Perparuitai. Yeah. It's something that I think that people can misconstrue, and they should say, well, you shouldn't strive to succeed. You shouldn't chase the degrees, or you shouldn't chase success, because it's going to necessarily make you puffed up. But one of the things that I've noticed about you, Dr. Shot, about the culture here at Clearview, is that your degree and your PhD has opened doors to keep impacting the kingdom. Right.
I've never once heard, and not from you, but I've heard other people say, well, listen, I know what I'm talking about. I've got the degree. I've put the work in. With you, and here at Clearview, it's always that I got this PhD so that we could do more stuff. Right. So that we could impact more people.
We could get this radio show. There's credibility. There's a sense of assurance that people listen in, and they know that they're listening to someone who cares about them, who wants them to succeed, and wants them to pursue godliness. And I think that's the difference here, because I don't think Paul would ever say you shouldn't strive to succeed. You shouldn't be proud of your accomplishments. Right. It's more that don't puff yourself up like these people are doing. Right. Yeah. And the Corinthian culture was kind of normal. Yeah.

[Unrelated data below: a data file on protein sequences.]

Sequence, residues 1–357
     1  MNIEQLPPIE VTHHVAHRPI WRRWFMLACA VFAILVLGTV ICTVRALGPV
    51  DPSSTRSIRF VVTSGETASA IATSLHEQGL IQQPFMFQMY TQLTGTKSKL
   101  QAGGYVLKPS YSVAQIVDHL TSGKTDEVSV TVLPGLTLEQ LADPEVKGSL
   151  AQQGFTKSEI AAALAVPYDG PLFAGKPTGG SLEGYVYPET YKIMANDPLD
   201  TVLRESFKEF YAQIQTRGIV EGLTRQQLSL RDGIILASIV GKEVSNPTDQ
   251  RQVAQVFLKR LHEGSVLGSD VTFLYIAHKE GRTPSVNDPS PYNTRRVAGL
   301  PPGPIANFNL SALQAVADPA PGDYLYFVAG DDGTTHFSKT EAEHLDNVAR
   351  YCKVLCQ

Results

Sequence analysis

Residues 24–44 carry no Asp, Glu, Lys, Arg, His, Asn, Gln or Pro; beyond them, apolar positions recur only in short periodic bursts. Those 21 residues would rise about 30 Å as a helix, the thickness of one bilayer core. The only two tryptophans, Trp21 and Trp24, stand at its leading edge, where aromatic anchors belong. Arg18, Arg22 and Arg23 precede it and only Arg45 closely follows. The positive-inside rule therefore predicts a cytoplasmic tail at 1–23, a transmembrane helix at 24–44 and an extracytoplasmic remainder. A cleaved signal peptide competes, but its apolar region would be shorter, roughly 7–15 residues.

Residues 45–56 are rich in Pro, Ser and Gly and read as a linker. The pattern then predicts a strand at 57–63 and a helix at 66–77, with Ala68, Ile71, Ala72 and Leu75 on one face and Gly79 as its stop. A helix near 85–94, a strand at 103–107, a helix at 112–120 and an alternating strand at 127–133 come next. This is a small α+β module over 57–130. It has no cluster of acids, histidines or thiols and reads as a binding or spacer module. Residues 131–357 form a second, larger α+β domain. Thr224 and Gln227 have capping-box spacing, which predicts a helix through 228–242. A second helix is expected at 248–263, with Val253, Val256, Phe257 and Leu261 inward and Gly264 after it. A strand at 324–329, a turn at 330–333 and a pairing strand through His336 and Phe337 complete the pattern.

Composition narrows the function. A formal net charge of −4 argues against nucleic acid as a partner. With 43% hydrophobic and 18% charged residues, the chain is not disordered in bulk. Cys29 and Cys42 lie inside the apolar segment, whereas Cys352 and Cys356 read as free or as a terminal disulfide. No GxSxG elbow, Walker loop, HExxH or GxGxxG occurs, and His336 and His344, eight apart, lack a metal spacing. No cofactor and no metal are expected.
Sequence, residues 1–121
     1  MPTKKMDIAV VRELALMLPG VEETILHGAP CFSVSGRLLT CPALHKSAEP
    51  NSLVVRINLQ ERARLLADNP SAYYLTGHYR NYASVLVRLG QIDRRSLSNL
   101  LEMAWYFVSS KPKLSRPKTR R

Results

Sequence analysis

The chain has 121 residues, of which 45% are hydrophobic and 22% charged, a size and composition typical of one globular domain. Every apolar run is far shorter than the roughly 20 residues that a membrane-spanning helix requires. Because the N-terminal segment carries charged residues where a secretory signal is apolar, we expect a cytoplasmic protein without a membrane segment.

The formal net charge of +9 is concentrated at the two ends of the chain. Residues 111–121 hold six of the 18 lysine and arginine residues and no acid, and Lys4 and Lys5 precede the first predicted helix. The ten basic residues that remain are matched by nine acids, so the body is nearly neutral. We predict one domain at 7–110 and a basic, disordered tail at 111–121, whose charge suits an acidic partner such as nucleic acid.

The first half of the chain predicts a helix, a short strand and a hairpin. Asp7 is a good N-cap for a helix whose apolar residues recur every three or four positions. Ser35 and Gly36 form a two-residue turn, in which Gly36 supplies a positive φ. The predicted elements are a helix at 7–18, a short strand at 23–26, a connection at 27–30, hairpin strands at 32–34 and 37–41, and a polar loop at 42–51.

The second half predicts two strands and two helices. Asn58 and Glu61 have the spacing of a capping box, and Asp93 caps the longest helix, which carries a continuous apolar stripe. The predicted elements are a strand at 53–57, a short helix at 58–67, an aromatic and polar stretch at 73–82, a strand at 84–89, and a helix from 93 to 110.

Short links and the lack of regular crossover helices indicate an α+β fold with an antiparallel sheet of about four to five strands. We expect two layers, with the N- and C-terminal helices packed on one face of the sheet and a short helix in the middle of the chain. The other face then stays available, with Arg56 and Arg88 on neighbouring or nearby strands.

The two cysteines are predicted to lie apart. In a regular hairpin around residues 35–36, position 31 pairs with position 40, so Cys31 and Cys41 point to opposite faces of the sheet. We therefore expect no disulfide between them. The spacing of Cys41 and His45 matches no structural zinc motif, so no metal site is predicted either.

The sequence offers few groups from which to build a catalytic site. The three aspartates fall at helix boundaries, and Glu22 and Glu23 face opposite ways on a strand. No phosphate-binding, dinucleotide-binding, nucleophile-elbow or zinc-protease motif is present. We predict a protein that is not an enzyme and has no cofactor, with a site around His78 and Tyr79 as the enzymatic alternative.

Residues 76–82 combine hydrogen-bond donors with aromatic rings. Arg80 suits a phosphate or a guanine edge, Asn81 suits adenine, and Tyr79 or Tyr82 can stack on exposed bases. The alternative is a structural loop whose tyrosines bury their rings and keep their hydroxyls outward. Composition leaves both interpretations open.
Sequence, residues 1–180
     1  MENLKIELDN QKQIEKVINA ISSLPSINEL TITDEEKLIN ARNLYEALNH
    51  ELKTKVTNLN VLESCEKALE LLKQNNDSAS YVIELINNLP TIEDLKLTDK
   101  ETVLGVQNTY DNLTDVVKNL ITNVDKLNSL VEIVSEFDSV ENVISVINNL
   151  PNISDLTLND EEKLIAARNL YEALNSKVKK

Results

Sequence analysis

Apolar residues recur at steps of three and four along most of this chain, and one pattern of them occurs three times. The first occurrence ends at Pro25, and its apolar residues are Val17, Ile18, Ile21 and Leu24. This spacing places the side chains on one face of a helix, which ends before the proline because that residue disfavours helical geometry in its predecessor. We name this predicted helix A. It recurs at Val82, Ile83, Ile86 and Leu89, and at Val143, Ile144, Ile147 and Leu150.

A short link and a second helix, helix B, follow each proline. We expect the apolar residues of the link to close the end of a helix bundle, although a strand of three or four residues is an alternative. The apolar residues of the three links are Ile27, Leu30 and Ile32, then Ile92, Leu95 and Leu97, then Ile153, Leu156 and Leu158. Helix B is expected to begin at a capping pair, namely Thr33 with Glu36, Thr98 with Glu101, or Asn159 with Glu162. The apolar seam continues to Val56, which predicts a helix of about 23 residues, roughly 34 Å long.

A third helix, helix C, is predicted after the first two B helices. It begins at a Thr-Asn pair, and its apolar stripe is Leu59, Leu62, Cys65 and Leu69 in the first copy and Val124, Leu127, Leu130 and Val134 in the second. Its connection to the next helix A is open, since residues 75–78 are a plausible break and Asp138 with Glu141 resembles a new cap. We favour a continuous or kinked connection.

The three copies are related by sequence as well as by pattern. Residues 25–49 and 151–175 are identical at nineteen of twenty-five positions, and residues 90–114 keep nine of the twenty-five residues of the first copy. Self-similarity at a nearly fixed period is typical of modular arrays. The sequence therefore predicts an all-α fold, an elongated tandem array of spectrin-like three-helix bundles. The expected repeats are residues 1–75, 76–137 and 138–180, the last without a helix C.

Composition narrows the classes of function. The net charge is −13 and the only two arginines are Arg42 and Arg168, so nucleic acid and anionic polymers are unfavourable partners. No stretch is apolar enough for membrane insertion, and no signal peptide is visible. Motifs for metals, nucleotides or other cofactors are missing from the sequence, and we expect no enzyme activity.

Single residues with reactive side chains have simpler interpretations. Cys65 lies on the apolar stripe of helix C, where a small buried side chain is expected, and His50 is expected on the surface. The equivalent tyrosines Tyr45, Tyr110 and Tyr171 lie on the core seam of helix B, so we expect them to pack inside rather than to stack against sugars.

You had to assert yourself, prove that you're stronger, wealthier, better than the other person by your attitude and your demeanor, your words, and your actions. But in the church culture, this was abnormal. You know, Paul was telling them to set aside their pride and reach out to the other person in genuine love, care, and understanding. And so the Corinthian church was struggling because there was no true love.
Yeah. So, you know, Paul wrote them a powerful statement, a definition of love that we need to hear today. If we're talking about pride and pride in the sense of being braggadocious, like with words, puffing yourself up with your words, or just strutting around carrying that air of pride, that sense of self-importance as you walk into the room, what's the antidote?
How do we combat that in both realms? Well, let's stop and look at who God is and how does God love us. God doesn't strut around in pride. Neither does He sit puffed up with pride.
It's not His words or His actions that communicate pride. Instead, He serves us. God is a serving God. You know, how do we learn the whole idea of service?